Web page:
global mediated landscapes that users of transnational diasporic media construct.


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    Participants in this study who have access to the controversial transnational satellite

    channel Al Jazeera (English and/or Arabic language programme) have revealed in

    their words and practice the complex implications of having access and consuming

    transnational media. In the case of the Al Jazeera consumers asked, access to the

    specific medium has advanced critical engagement with all media and a deep

    appreciation of the potential to getting access to diverse sources of information, each

    with their own positive and negative characteristics. All participants watching Al

    Jazeera and other diasporic media products explain how they never just watch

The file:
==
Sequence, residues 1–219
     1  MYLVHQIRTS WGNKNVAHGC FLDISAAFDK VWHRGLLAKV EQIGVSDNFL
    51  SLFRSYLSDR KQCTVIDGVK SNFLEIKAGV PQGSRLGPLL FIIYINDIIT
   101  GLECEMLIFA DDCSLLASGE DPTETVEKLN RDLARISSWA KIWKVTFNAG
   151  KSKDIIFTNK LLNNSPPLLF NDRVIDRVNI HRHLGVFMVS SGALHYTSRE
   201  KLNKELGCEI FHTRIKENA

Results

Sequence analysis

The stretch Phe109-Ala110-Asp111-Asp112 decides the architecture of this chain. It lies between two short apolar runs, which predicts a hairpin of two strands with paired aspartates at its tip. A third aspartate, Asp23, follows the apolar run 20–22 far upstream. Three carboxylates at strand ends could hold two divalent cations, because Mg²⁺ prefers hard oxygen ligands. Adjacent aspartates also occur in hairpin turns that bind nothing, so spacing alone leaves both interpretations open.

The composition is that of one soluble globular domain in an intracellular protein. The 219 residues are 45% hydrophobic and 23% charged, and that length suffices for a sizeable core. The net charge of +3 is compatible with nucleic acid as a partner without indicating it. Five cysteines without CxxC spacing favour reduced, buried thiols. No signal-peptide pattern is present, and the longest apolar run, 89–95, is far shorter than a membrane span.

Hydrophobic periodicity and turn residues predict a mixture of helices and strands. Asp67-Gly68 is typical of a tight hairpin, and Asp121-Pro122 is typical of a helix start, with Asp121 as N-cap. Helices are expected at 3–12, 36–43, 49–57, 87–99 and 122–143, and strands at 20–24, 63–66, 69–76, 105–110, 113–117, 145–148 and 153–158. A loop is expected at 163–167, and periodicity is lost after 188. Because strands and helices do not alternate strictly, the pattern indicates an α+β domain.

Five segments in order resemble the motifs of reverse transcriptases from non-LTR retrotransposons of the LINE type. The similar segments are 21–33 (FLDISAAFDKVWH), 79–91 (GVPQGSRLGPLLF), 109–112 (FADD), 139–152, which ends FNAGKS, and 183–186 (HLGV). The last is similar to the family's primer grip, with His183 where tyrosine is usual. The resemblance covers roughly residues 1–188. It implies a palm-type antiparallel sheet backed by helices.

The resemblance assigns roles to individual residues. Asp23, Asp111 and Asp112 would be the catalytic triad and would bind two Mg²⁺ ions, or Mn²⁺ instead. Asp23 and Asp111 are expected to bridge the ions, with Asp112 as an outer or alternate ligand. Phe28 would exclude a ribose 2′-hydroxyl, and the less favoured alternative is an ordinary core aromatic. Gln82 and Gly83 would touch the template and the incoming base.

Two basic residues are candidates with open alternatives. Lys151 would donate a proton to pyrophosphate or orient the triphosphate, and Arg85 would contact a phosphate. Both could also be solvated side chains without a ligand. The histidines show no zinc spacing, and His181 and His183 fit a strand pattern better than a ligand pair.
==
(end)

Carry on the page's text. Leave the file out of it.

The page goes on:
diasporic television but also mainstream national, local and transnational media. Thus,

    the diasporic medium does not become a carrier of an alternative exclusive imagined

    community but rather a comparative element for being part in imaginary global

    worlds. In the words of a 20-year-old participant:

    I watch Al Jazeera they show everything on the spot. If there is a murder

    taking place in Iraq or something, it is there on TV and then its exclusive.

    Thats what I like about it. With BBC, they tend to cut out some violent

    scenes. Obviously because they are considered as not suitable.

    When asked if he watches less of the mainstream national BBC now that he has